This car, Lot 95, sold for $3,685,000, including buyer’s premium, at Bonhams’ Quail Lodge auction in Carmel, CA, on August 19, 2016.

You can’t just walk into a Ferrari dealer, stroke a check and buy a new car. Most new models have multi-year wait lists, and even getting on one of those lists is a dance.

Ferrari strongly encourages dealers to sell new cars at list price, so if you get one, you probably can immediately sell it for a profit that ranges from a few thousand dollars on an aging model to over seven figures on a new supercar. But in the Ferrari world, doing so can cost you.

Ferrari and their dealers aren’t benevolent souls who like to give away money. Dealers reward their best customers with new cars, and dropping hundreds of thousands of dollars racing in Ferrari’s Challenge series is the kind of thing that makes you a good customer. Buying pre-owned Ferraris from your dealership is good too. Financing your purchase through Ferrari Financial gets you some points. Selling your car to the dealer at a favorable price can also get you some love. But reselling your new car at a profit on the secondary market is a no-no that all but guarantees you’re not getting back on the list.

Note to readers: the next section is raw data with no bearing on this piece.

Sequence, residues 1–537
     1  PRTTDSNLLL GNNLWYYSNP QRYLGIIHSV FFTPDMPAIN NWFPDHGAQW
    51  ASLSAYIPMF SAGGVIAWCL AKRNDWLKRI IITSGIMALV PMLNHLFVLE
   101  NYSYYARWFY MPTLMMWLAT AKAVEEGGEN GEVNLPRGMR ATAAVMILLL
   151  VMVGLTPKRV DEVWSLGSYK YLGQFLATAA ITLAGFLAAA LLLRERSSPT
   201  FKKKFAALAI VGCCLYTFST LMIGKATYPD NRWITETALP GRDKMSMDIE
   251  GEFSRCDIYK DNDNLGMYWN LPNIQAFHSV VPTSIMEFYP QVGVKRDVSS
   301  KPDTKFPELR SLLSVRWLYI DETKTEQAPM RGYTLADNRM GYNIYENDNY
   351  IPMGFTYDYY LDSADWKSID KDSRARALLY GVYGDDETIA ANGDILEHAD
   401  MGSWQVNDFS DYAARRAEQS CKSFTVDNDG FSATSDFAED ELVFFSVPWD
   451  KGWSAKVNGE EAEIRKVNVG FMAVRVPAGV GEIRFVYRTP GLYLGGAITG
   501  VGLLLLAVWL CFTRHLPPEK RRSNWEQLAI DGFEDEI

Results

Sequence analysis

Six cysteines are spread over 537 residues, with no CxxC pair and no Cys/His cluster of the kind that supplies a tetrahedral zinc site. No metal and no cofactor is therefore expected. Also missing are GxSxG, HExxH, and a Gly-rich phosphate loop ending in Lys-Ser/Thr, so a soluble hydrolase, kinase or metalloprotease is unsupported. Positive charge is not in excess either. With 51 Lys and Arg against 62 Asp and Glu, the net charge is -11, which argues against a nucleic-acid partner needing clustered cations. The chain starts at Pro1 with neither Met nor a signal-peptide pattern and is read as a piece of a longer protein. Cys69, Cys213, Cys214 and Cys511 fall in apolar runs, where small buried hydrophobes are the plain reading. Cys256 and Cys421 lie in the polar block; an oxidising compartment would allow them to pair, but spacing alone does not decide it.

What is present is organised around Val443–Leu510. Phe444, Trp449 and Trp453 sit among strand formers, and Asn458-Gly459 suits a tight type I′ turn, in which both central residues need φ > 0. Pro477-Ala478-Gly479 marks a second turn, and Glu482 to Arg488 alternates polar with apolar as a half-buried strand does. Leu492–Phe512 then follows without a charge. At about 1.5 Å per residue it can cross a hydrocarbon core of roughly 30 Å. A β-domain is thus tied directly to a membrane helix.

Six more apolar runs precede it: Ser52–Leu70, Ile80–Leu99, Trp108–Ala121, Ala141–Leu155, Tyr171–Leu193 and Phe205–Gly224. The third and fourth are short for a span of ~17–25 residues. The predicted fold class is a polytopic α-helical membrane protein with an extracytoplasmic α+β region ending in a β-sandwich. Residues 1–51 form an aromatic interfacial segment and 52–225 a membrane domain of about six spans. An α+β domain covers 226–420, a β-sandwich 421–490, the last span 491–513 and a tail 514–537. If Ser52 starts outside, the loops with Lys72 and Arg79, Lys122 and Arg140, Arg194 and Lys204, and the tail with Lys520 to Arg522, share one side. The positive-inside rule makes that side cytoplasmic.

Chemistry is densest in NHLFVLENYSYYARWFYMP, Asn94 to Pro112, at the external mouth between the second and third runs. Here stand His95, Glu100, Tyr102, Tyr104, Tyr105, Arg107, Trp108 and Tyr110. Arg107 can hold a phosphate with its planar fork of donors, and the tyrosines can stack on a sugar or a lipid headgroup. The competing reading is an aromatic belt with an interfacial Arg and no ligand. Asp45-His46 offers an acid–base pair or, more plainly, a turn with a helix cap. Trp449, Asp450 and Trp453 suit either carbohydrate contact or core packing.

Some strings attached

Getting a Ferrari supercar is a tougher game. You’re not getting a supercar by buying that awful-color California that just won’t sell. The supercars are built in limited quantities, so the demand for them far outweighs the supply. Ferrari is especially serious about putting their supercars in the right hands, and the vetting process can rattle even the most self-confident billionaire.